Monday, July 29, 2013

Thomas Vincent on the duties of churches and ministers (flowing from the Fifth Commandment)

Note:  Sunday afternoon I continued our “series (on the fifth commandment) within a series (the ten commandments) within a series (on the Baptist Catechism)” with a sermon titled The Fifth Commandment:  Part 4.  I was once again flowing the wider implications of the fifth commandment, this time addressing its implications for how ministers and churches are to relate to one another.  And, again, I was using Thomas Vincent’s Puritan exposition of the Westminster Shorter Catechism as a guide.  Here are my notes riffing off Vincent’s listing of mutual duties between ministers and churches:
Six duties of the people to their ministers:

First:  High estimation of them, and endeared love to them for their work’s sake.


1 Thessalonians 5:12 And we beseech you, brethren, to know them which labour among you, and are over you in the Lord, and admonish you; 13 And to esteem them very highly in love for their work's sake. And be at peace among yourselves.

Paul could write to the Galatians (Gal 4:14-15) and remind them of how they had received him as “an angel of God, even as Christ Jesus” and would have plucked out their own eyes for him.

Second:  Diligent attendance upon the word of God preached, and other ordinances administered by them.

Luke 10:16:  “He that heareth you, heareth me.”

Well has it been said that full pews and attentive listeners lift the preacher as if on wings, while empty pews and disinterested listeners take the wind from his sails.

Third:  Meek and patient suffering the word of reproof, and ready obedience unto the word of command, which ministers shall, from the Scriptures, make known unto them, together with submission unto the discipline intrusted with them by the Lord.

In James 1:21 we read of the necessity of receiving with meekness “the ingrafted word.”

Consider also:

Hebrews 13:17 Obey them that have the rule over you, and submit yourselves: for they watch for your souls, as they that must give account, that they may do it with joy, and not with grief: for that is unprofitable for you.

Fourth:   Communicating to them of their temporals.

That is, the church should, as it is able, give to provide for the material needs of the pastor and his family so that he might pursue with full devotion of his time the ministry of the word and sacrament. 


1 Corinthians 9:14 Even so hath the Lord ordained that they which preach the gospel should live of the gospel.

Galatians 6:6 Let him that is taught in the word communicate unto him that teacheth in all good things.

Fifth:  Prayer for them.

Paul in his letters often asked the churches to pray for him.  Consider:  “Brethren, pray for us” (1 Thess 5:25).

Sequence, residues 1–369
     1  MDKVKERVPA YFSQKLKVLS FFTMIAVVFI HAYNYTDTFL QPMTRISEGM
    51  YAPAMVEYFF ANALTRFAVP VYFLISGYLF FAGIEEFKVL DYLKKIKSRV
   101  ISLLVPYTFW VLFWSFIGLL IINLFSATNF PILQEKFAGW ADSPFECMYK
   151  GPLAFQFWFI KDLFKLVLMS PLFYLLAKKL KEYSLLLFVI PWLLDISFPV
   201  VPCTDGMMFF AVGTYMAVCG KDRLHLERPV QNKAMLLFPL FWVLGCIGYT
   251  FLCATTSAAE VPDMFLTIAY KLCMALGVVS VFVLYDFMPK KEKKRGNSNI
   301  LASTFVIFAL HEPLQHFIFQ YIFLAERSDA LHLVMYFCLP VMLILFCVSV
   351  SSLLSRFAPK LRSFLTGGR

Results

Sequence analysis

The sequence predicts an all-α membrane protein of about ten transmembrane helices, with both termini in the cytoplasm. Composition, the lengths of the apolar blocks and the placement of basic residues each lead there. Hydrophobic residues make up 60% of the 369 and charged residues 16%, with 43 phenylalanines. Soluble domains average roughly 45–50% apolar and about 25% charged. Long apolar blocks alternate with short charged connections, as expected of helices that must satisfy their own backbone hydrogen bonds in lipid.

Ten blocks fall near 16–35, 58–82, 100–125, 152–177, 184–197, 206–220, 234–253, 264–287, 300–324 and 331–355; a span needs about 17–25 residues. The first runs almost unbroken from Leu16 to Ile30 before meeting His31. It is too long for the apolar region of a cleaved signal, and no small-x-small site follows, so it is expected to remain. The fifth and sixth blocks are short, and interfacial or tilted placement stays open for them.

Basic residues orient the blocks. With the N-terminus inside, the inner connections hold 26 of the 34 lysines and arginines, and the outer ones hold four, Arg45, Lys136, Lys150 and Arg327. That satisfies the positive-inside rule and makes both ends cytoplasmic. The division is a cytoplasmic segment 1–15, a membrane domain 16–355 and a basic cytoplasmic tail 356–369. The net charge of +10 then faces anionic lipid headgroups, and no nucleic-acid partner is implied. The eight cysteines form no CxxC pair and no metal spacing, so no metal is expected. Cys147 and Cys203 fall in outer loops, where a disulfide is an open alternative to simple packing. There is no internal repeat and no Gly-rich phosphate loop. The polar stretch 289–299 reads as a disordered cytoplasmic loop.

Sixth:  Shutting their ear against reproaches and slanders, believing nothing without proof; and standing up in their defense against an ungodly world, and many false brethren, and rotten hearted hypocrites, who are made of the devil to cast dirt upon them, and thereby people receiving prejudices against them, might be kept either from hearing them, or receiving benefit from their doctrine, and so be either drawn to ways of error, or hardened in ways of profaneness.

He cites:

1 Timothy 5:19 Against an elder receive not an accusation, but before two or three witnesses.

Correspondingly, five duties of the minister to their people in the church:

First:  Dear and tender love of their souls.

Consider the example of the apostle Paul:

1 Thessalonians 2:7 But we were gentle among you, even as a nurse cherisheth her children: 8 So being affectionately desirous of you, we were willing to have imparted unto you, not the gospel of God only, but also our own souls, because ye were dear unto us.

Second:  Diligent, sincere, and frequent preaching of the word unto them, with administration of all ordinances.

Consider Paul’s charge to Timothy:

2 Timothy 4:2 Preach the word; be instant in season, out of season; reprove, rebuke, exhort with all longsuffering and doctrine.

The minister’s primary calling and duty is to preach.

Third:  Watchfulness over them, with willingness and cheerfulness.


 1 Peter 5:2 Feed the flock of God which is among you, taking the oversight thereof, not by constraint, but willingly; not for filthy lucre, but of a ready mind;

Well has it been said that the minister is to feed the sheep and not to fleece or beat the sheep.

Fourth:  Prayer for them, and praise for the grace of God which is in them.

In Paul’s letters he very often thanks and blesses God for the churches and their dear members to whom he writes. For example:

Ephesians 1:15 Wherefore I also, after I heard of your faith in the Lord Jesus, and love unto all the saints, 16 Cease not to give thanks for you, making mention of you in my prayers;

So ministers are to be addicted to prayer for their people.

Fifth:  Showing themselves an example of holiness and good works unto them.

Consider again Paul’s word to Timothy:

1 Timothy 4:12 Let no man despise thy youth; but be thou an example of the believers, in word, in conversation, in charity, in spirit, in faith, in purity.


AJ said...

Excellent material here!

BTW, I recently heard your sermon "One Thing Is Needful". It wasn't even noticeable you were without your notes and I wouldn't have known had you not disclosed it at the beginning. I'd say that shows you to be a minister that diligently prepares to bring meat for your congregation to feed upon. Keep up the hard work brother!

Jeffrey T. Riddle said...


Thanks for the encouragement.